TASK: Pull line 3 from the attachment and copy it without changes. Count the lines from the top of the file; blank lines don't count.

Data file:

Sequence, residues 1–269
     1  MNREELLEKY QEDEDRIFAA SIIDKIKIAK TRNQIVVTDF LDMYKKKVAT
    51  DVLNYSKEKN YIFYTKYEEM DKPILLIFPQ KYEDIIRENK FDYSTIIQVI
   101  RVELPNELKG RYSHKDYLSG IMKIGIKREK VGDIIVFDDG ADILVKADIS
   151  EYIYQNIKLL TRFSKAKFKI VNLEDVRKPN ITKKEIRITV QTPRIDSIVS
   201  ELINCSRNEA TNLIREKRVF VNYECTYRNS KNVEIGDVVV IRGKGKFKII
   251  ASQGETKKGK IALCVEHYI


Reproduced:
    51  DVLNYSKEKN YIFYTKYEEM DKPILLIFPQ KYEDIIRENK FDYSTIIQVI